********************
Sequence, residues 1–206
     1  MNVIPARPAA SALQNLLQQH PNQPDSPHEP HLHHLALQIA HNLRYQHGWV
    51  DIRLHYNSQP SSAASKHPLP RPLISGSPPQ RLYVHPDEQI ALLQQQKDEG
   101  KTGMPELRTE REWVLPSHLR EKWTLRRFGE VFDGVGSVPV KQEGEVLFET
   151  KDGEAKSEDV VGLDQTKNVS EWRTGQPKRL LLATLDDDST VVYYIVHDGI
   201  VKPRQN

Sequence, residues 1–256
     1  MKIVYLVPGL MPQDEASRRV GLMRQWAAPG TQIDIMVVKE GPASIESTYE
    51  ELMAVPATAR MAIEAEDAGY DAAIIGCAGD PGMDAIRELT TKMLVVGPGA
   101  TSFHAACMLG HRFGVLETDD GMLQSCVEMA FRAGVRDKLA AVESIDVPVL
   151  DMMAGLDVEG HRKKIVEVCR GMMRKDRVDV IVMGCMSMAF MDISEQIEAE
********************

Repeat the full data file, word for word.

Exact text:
Sequence, residues 1–206
     1  MNVIPARPAA SALQNLLQQH PNQPDSPHEP HLHHLALQIA HNLRYQHGWV
    51  DIRLHYNSQP SSAASKHPLP RPLISGSPPQ RLYVHPDEQI ALLQQQKDEG
   101  KTGMPELRTE REWVLPSHLR EKWTLRRFGE VFDGVGSVPV KQEGEVLFET
   151  KDGEAKSEDV VGLDQTKNVS EWRTGQPKRL LLATLDDDST VVYYIVHDGI
   201  VKPRQN

Sequence, residues 1–256
     1  MKIVYLVPGL MPQDEASRRV GLMRQWAAPG TQIDIMVVKE GPASIESTYE
    51  ELMAVPATAR MAIEAEDAGY DAAIIGCAGD PGMDAIRELT TKMLVVGPGA
   101  TSFHAACMLG HRFGVLETDD GMLQSCVEMA FRAGVRDKLA AVESIDVPVL
   151  DMMAGLDVEG HRKKIVEVCR GMMRKDRVDV IVMGCMSMAF MDISEQIEAE